the weight should not be on them.
So always weight on the feet not on the hands.

Link to Series: 108 Postural Practice Pointers

Another obstacle is when our senses seem to take over……

“Another obstacle is when our senses seem to take over.
They reassert themselves as masters,
sometimes without our knowing it.
This is not surprising since we are trained from birth to
look here, see there, hear this, touch that, etc.
So sometimes, because of their habitual action of always looking for things, etc.,
The senses take over and our direction slowly shifts in the wrong way.”
TKV Desikachar Religiousness in Yoga
‘Antarāyāḥ, Obstacles to progress, Techniques to Overcome them’
Chapter Fifteen Page 209

108 Sūtra Study Pointers – 38 – If you remove the past from the present what is left?

If you remove the past from the present what is left?
– Reflection on Yoga Sūtra Chapter One verse 43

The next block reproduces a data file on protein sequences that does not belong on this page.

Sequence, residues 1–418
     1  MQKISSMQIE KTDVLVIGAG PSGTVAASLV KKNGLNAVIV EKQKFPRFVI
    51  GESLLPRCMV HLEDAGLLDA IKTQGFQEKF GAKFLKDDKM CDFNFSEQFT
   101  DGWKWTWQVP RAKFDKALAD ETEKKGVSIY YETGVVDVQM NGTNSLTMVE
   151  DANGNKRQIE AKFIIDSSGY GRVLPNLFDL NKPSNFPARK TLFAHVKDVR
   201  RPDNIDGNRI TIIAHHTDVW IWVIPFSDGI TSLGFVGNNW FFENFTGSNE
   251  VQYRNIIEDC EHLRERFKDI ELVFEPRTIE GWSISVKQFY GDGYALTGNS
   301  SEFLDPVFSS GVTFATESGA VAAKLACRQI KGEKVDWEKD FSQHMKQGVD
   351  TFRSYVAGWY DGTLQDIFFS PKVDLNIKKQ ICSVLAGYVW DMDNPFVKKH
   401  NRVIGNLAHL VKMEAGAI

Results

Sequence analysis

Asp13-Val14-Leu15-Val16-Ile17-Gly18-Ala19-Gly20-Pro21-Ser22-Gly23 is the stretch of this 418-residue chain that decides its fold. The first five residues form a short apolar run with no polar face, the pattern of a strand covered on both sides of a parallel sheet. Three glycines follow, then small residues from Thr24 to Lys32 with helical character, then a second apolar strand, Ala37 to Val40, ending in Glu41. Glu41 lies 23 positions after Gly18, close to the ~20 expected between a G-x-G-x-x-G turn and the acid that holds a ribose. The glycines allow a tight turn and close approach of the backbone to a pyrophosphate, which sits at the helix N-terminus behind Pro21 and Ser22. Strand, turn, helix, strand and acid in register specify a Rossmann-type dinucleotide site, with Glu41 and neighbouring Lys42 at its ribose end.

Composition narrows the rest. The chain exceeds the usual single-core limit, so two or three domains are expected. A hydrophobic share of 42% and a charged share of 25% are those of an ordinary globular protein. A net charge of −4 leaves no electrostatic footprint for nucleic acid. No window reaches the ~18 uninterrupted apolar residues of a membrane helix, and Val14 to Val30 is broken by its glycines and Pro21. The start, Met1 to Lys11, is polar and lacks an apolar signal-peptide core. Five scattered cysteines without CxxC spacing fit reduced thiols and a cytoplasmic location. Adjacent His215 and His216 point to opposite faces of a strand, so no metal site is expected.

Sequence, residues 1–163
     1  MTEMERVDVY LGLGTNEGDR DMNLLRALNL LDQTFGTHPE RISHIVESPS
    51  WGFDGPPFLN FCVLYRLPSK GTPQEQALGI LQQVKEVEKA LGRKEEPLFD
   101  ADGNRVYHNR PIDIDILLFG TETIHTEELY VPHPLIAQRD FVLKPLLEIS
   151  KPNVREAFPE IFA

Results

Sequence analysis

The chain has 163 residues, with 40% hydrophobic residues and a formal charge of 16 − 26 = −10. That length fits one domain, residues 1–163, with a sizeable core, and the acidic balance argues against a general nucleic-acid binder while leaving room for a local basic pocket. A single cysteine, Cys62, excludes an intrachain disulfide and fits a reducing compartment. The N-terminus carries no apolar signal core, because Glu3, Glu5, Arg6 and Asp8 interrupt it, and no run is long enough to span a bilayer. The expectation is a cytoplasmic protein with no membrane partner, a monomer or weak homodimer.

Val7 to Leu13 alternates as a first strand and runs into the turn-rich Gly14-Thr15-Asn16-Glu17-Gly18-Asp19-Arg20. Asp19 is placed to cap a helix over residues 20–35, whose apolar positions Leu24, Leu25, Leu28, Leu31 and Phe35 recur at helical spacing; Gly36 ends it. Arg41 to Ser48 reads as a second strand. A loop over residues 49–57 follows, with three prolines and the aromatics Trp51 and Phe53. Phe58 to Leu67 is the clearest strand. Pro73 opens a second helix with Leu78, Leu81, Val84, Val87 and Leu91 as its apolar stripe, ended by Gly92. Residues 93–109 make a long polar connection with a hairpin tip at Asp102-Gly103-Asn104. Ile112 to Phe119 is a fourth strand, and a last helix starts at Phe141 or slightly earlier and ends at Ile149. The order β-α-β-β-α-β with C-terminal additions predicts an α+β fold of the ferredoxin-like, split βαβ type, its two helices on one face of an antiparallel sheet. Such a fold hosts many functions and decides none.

Link to Series: 108 Sutra Study Pointers

Prāṇāyāma was taught according to the principles of Cikitsā, Rakṣaṇa and Śikṣaṇa……

nadi_sodanaPrāṇāyāma, as with Āsana and Dhyānam, was taught according
to the principles of CikitsāRakṣaṇa and Śikṣaṇa Krama.
Thus we have breathing practices ranging from Cikitsā,
using simple ratio to settle an irregular breath, to Rakṣaṇa,
with competence and fluidity with various basic techniques and mild ratios,
to Śikṣaṇa and mastery of all techniques, and ratios and especially,
the Kumbhaka with long holds both after the inhale and the exhale.

The Vinyāsa Krama or steps in the evolution of practice are measured
by our practice abilities and consistency and potential within our life situation.
The longer term measure of our Prāṇāyāma potential is determined by
our skilful efforts with all four components of the breath in Āsana.
For example can we maintain 8.8.8.8. in Parśva Uttānāsana or 12.6.18.12 in Mahāmudrā?

These days though, it seems that there is not much place for or interest in the use of Kumbhaka
within breathing practices, if used at all it appears to be mainly Cikitsā or about recovery,
or at best Rakṣaṇa or constitutional, rather than Śikṣaṇa and developmental.